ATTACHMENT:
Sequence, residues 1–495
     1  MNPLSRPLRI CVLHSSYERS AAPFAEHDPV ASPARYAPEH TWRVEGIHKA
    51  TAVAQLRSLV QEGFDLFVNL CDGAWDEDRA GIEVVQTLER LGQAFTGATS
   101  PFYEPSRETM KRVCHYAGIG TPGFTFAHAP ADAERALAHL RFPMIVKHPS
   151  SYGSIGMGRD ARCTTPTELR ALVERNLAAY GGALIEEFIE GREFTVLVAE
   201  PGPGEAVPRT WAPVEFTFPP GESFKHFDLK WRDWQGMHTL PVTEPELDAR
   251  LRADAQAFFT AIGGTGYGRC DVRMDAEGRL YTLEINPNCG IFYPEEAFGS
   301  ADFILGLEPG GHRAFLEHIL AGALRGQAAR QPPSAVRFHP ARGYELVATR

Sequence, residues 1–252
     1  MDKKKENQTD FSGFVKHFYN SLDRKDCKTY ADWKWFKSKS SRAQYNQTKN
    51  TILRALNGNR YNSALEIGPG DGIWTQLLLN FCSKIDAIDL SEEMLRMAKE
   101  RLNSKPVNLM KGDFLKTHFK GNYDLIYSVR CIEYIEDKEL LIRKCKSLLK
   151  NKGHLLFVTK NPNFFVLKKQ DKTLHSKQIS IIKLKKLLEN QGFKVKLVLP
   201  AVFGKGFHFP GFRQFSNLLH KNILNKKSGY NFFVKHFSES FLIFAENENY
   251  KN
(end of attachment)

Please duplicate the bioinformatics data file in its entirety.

Sequence, residues 1–495
     1  MNPLSRPLRI CVLHSSYERS AAPFAEHDPV ASPARYAPEH TWRVEGIHKA
    51  TAVAQLRSLV QEGFDLFVNL CDGAWDEDRA GIEVVQTLER LGQAFTGATS
   101  PFYEPSRETM KRVCHYAGIG TPGFTFAHAP ADAERALAHL RFPMIVKHPS
   151  SYGSIGMGRD ARCTTPTELR ALVERNLAAY GGALIEEFIE GREFTVLVAE
   201  PGPGEAVPRT WAPVEFTFPP GESFKHFDLK WRDWQGMHTL PVTEPELDAR
   251  LRADAQAFFT AIGGTGYGRC DVRMDAEGRL YTLEINPNCG IFYPEEAFGS
   301  ADFILGLEPG GHRAFLEHIL AGALRGQAAR QPPSAVRFHP ARGYELVATR

Sequence, residues 1–252
     1  MDKKKENQTD FSGFVKHFYN SLDRKDCKTY ADWKWFKSKS SRAQYNQTKN
    51  TILRALNGNR YNSALEIGPG DGIWTQLLLN FCSKIDAIDL SEEMLRMAKE
   101  RLNSKPVNLM KGDFLKTHFK GNYDLIYSVR CIEYIEDKEL LIRKCKSLLK
   151  NKGHLLFVTK NPNFFVLKKQ DKTLHSKQIS IIKLKKLLEN QGFKVKLVLP
   201  AVFGKGFHFP GFRQFSNLLH KNILNKKSGY NFFVKHFSES FLIFAENENY
   251  KN